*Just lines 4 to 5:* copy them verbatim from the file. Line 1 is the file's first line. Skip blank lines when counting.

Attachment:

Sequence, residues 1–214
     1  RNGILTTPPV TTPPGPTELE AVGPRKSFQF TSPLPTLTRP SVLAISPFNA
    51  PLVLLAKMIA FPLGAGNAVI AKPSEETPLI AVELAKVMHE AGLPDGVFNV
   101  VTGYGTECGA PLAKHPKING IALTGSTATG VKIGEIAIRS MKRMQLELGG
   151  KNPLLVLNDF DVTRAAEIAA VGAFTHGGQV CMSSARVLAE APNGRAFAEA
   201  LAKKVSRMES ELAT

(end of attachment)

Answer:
   101  VTGYGTECGA PLAKHPKING IALTGSTATG VKIGEIAIRS MKRMQLELGG
   151  KNPLLVLNDF DVTRAAEIAA VGAFTHGGQV CMSSARVLAE APNGRAFAEA